If it hadn’t been for King Sejong, the Korean people would probably be using some form of Chinese or Japanese characters to write their language today.
King Sejong, the fourth king of the Joseon Dynasty in Korea, invented Hunminjeongeum (which means ‘proper sounds to instruct the people’), which is simply known as Hangeul.
Fortunately, the 28 letters were flexible enough for people to use in writing and they are even adaptable for the technological age. While the Chinese figure out how to place all of the characters of their alphabet on a computer keyboard, the Korean people have no problem placing a mere 28 letters on a keyboard. King Sejong knew what he was doing even long before the first computer even came along!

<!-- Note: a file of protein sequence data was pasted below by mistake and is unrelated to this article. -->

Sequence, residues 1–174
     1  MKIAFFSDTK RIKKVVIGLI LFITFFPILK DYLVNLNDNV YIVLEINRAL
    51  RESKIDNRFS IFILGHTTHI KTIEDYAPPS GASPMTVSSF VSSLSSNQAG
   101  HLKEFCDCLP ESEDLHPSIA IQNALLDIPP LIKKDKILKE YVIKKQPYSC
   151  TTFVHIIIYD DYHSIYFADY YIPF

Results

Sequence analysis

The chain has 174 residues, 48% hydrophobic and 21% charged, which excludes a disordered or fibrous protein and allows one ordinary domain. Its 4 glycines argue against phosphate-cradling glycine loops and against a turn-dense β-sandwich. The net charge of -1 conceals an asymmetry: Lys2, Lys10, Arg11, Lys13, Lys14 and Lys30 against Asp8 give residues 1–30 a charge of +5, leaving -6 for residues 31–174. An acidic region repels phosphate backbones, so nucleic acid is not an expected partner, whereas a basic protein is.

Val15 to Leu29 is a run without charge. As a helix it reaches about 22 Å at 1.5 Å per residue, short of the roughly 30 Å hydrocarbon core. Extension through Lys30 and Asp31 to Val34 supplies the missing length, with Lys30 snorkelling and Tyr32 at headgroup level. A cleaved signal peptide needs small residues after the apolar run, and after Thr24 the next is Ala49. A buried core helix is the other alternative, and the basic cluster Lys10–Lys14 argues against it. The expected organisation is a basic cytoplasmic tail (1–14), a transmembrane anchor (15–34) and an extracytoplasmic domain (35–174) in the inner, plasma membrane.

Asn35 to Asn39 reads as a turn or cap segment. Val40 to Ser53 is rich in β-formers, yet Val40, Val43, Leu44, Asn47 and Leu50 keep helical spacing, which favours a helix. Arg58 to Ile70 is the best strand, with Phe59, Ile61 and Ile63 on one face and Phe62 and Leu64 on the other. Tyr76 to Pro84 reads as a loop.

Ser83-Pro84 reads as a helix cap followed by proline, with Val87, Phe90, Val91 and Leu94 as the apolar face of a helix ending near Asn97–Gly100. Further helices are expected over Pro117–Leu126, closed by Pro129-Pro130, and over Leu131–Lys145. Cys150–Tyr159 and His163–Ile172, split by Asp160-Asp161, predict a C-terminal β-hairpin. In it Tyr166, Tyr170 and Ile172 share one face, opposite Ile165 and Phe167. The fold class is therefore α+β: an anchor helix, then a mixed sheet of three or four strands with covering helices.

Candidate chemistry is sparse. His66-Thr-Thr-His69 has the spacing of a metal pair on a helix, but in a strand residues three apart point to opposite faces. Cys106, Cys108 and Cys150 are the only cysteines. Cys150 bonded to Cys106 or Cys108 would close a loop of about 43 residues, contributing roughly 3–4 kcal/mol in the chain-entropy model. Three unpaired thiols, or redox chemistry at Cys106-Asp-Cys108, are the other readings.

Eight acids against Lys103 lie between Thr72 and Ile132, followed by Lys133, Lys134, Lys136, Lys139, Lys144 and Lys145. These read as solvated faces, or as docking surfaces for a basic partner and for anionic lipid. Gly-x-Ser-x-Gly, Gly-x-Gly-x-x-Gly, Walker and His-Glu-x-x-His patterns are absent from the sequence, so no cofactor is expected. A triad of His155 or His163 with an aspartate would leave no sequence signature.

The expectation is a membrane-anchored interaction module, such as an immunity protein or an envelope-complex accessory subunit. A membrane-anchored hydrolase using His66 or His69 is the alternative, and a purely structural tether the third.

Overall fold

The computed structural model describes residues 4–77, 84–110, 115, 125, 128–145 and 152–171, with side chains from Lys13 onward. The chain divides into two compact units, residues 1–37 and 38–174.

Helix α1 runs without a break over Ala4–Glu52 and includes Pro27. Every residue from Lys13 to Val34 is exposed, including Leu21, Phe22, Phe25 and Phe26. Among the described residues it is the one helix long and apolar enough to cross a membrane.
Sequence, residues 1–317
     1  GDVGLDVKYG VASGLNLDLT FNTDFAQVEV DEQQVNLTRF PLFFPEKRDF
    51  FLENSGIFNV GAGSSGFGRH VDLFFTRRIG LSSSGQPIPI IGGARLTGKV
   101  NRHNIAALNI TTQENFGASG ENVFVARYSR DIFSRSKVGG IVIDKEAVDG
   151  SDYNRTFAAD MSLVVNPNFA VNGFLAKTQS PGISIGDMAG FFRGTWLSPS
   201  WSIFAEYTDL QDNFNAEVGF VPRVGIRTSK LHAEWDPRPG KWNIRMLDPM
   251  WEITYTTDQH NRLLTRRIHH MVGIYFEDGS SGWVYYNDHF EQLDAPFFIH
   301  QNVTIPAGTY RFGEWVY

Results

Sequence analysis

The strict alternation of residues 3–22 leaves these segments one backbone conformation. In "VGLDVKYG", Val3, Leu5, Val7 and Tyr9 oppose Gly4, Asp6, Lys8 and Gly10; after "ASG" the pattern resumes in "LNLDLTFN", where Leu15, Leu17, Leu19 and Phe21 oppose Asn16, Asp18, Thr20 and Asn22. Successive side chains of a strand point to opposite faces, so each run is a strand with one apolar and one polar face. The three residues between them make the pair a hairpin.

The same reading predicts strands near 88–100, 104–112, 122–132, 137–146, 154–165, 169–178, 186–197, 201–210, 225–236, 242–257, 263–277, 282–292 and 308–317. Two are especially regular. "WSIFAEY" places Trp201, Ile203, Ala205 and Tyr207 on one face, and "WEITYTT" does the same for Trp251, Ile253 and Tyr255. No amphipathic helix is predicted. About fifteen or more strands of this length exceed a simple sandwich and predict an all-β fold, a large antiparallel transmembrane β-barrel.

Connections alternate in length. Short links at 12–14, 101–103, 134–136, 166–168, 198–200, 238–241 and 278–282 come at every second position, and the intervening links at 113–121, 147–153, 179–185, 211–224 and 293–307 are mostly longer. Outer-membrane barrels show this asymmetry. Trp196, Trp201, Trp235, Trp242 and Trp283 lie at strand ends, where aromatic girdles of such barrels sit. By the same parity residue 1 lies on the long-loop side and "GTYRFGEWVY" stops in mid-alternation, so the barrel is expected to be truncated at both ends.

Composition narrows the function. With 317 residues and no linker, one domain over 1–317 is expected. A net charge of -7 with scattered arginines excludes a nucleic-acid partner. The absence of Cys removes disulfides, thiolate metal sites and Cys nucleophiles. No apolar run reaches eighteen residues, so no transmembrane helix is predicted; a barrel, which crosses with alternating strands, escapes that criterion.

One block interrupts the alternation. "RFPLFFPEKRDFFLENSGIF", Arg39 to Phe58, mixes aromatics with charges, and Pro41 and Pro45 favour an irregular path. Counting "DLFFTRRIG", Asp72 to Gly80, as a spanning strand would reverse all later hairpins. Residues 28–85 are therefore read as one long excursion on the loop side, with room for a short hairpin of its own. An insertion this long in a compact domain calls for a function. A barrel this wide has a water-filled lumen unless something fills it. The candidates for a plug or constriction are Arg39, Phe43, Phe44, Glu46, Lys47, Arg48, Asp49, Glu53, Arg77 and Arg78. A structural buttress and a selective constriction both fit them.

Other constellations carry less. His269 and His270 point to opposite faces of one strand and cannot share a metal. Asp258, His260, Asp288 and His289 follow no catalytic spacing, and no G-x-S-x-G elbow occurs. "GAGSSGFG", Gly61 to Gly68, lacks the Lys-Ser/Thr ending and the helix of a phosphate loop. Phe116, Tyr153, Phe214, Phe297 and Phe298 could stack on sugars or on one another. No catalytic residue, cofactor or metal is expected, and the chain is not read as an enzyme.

During our travels around the sights and sounds of Korea, we also visited Yeongneung, the tomb of Korea’s renowned and beloved King Sejong, which is pictured in the giant mound here. Many animals and characters, made of stone, continue to guard King Sejong’s tomb even today, as they did back in 1450 when he died.
These officials were once thought to protect and accompany the spirit of King Sejong on its journey. The tomb is not enormously huge, as are some other tombs of famous kings around Korea. But it is appropriately placed among trees and hills in a perfect spot among the mountains where one can see the rolling hills of the countryside and the importance of this setting, at the time of his burial, to respecting him forever.
Today, the “King Sejong Prize” is given by UNESCO, the United Nations Educational, Scientific and Cultural Organization, to individuals and/or groups throughout the world who make substantial contributions to successfully lowering the literacy rate.